Friday, October 31, 2003

Yesterday's Wall Street Journal had a story (sorry, full story requires subscription)
about a little-known tactic that hospitals are using to collect overdue debt.

Throwing the patient in jail...

Late one night in June 2000, a police cruiser pulled up to Marlin Bushman's house on a quiet, tree-lined street. While Mr. Bushman's wife and son stood by, an officer handcuffed the burly truck driver and took him away to jail. The charge: missing a court hearing about a $579 hospital bill.

The story describes several patients who were arrested for not showing up for court appearances to resolve overdue bills, ranging from the $579 above to over $9,000 . The hospital administrators quoted in the story all defend the practice stating that they had exhausted all options:

........ just last month in Evansville, Ind., the not-for-profit Deaconess Hospital sought the arrest of a 22-year-old debtor, Jamie Ruston, who had missed two court hearings on a $5,664 debt related to gynecological surgery. Ms. Ruston, who works at a McDonald's, was briefly in custody before her mother arrived at the jail with the $500 needed to secure her release. "I cried the whole time," Ms. Ruston says.

Alan Shovers, a lawyer for Deaconess, says the hospital, which is affiliated with the United Church of Christ, made "innumerable efforts to get in touch" with Ms. Ruston to work out a payment plan or to see if she qualified for charity care. "In the range of 16 times, she has ignored us, ignored the hospital, ignored the court house," Mr. Shovers says. He defends the hospital's use of bench warrants -- as the proceeding is known in Indiana -- saying the hospital seeks them only when debtors have been repeatedly unresponsive. "Most people, whether rich or poor or whatever, can to some degree respond to the system -- and you have some people who go through life without responding," he says. "The question is, are we taking some unfair advantage, and I don't think we are."

While I feel that this is a drastic solution, I can agree with its' limited use. If you have someone who repeatedly shirks their responsibility to make good on their debt, it may take this to get them "scared straight":

Mr. Bushman was booked and fingerprinted at the Champaign jail. He posed for a mug shot, turned over his shoelaces and was escorted to a cell. A judge imposed bail of $2,500 -- with $250 payable up front. Mr. Bushman waited in a cell while his wife tried to come up with the money. He says he fell asleep on the concrete bench, using a roll of toilet paper as a pillow. Ms. Bushman borrowed the money from her mother-in-law, and Mr. Bushman was freed a short time later. Within three months, he paid Carle the balance of his debt, and the case was dismissed. (emphasis mine)

This was over a debt that was two years old. Another example is a man who had an unsuccessful suicide attempt in 1991:
In Champaign-Urbana, James Bean, the man who was treated at Carle hospital for a self-inflicted gunshot wound, says he has been pursued aggressively by a collections agent since 1995, when the hospital sued him over his $7,718 bill. In June 2001, Mr. Bean, who says he held a series of odd jobs during that period and couldn't afford a lawyer, missed a court hearing. He says he wasn't aware of the hearing. Carle's lawyer obtained a warrant for his arrest, and a few months later, Mr. Bean says, he heard about the warrant and turned himself in. Bail was set at $3,500, and he spent six hours in jail before his brother came up with the 10% required to release him.......Ms. Robbins, the Carle spokeswoman, says the hospital acted appropriately after Mr. Bean had failed for years to pay his debt. The suicide attempt was in 1991, and Carle unsuccessfully tried to collect for more than four years before filing suit. She says the hospital also encouraged Mr. Bean to apply for the state's insurance program for the poor, but that he didn't follow through.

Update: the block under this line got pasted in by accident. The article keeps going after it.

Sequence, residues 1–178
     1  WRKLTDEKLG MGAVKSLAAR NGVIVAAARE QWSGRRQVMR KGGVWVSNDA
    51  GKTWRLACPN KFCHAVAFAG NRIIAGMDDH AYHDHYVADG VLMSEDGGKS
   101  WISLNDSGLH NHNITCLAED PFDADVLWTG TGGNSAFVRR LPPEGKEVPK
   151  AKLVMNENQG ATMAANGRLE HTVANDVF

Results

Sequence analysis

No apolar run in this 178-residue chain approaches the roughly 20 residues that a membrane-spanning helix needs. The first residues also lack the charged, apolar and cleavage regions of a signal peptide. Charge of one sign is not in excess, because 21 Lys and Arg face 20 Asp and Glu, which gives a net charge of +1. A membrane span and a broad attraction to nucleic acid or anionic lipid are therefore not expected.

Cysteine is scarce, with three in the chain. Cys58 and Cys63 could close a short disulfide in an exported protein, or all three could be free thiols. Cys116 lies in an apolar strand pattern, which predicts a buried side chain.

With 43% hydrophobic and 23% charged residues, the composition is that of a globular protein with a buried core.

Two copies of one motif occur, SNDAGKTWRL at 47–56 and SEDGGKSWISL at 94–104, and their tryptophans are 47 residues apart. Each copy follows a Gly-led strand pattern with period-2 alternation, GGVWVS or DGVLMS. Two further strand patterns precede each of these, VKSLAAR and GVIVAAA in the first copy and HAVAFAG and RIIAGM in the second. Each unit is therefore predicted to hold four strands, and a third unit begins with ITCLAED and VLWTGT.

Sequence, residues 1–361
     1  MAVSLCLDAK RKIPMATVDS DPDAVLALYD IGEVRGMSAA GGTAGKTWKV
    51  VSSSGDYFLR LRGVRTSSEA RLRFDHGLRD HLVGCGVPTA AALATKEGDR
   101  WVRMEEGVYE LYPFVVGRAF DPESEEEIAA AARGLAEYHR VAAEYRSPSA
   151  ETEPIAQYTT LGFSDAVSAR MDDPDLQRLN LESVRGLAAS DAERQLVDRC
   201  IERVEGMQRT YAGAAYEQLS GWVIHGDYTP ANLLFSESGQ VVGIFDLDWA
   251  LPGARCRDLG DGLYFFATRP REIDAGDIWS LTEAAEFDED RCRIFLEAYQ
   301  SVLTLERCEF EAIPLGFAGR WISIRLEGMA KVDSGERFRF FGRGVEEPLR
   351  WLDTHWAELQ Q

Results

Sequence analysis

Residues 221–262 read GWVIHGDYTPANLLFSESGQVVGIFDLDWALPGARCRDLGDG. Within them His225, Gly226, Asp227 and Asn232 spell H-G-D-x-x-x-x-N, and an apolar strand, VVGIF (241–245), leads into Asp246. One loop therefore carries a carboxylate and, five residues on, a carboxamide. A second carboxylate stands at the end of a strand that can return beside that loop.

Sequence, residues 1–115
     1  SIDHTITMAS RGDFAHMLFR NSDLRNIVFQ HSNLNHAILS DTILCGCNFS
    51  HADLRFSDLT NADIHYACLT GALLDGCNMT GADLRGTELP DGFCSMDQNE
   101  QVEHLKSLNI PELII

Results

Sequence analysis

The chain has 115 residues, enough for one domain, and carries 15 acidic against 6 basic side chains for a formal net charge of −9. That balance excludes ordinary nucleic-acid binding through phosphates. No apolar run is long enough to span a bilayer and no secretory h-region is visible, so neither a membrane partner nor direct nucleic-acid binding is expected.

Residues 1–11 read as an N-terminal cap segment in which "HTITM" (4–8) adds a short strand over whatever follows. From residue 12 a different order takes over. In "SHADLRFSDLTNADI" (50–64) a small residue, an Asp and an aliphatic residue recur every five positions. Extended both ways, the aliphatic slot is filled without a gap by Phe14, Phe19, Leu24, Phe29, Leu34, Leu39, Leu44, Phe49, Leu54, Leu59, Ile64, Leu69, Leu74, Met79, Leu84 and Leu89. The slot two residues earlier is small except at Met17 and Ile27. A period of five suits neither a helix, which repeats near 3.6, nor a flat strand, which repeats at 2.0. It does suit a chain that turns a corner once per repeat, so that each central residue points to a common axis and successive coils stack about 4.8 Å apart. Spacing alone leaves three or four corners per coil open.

In all of the examples give in the story, the people arrested were bailed out by family members several hours after being arrested. If you can go to mom, dad, Uncle Jed or Cousin It and get bail money, why can't you go to them for help with your medical bills? I think it is because that being in debt or declaring bankruptcy does not carry the stigma that it once did. When you have car dealers and others constantly flooding the airwaves with "no credit, no problem" , the consequences of not paying your bills are a nuisance at worst. It only becomes an issue when they "hit you where it hurts". None of those pictured in the article appear to be starving, or poorly dressed.
The story also has the "medicine is different" quote:

Patient advocates argue there is a fundamental difference between medical debt and other types of consumer debt. "If it is a car or a vacuum cleaner, they will simply repossess it. What do you want them to do? Give the heart valve back?" says Jane Perkins, an attorney at the National Health Law Program in North Carolina.

I cannot disagree more. Debt is debt. The patient is given a bill for a service that is rendered. The part that differs from other routine debt is that if you have past due car payments, or your car has been repossesed, the car dealer or lending company is under no obligation to loan you more money, or sell you another car. If money is owed to a hospital, and you show up with an emergency (as patients interviewed in this article did) they have to treat you.

Here at the Acme Surgical Corp., we are not trying to return to historical roots (Georgia being founded as a debtor's colony). We do turn people over to collections, but we also have a large number paying of their bills at amounts as low as five dollars a month. The theme of "rich hospitals picking on poor, defenseless patients" is played out, as the quotes from administrators take on a defensive tone.
Your comments, as always, are most welcome.
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